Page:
Published: Written in Crawley, UK
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Artificial intelligence: who owns the future? — written by Cennydd Bowles

Cennydd always makes compelling points when it comes to ethics in tech. Here’s another fab article from him.

The late Gordon Moore famously observed that computing power doubles every two years. For a long time you’d be forgiven for barely noticing. Our devices got faster and smaller, sure, but ultimately they were still computers doing computer things, just more efficiently.

But as Hemingway describes, exponential curves start slow then get quick. Suddenly we’re seeing astonishing change. Powerful cloud computing, paired with new programming techniques and oceans of data, is writing convincing essays, passing exams, and painting compelling pictures on request. Bill Gates says these generative AI systems are the most important technology advance in decades. He’s right, and progress is likely to accelerate from here. But as AI systems mature they also pose deep questions about the future we want to inhabit, and who gets to build it…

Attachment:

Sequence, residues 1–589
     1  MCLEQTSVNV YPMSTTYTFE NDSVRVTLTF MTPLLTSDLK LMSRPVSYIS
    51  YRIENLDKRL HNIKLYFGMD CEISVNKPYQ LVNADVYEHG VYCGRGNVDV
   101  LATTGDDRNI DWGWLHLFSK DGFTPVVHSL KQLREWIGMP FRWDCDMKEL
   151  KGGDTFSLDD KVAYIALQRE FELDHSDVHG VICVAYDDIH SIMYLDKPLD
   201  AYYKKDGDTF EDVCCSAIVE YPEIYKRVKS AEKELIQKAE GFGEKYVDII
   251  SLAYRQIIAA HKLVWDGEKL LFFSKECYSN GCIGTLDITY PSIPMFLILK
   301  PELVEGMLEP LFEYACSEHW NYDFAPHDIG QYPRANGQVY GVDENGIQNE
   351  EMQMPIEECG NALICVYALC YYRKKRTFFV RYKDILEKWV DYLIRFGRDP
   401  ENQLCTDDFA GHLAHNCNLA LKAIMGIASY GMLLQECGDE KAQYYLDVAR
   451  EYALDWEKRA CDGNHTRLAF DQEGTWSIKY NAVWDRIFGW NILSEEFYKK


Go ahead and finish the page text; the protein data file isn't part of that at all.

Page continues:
…Beyond the contemporary issues lurk deeper long-term questions. What should and shouldn’t we automate? Should we create lethal autonomous weapons, or should a human always take charge of life-and-death decisions? How will we earn a living and even find meaning if AIs eliminate jobs? And if we ever create AIs that are smarter than us, will they value the same things we value – not least human life itself?

These are profound questions which deserve democratic debate. But today only a tiny cluster of AI firms, often funded by the world’s richest and most powerful people, are calling the shots. Is this the future we want?

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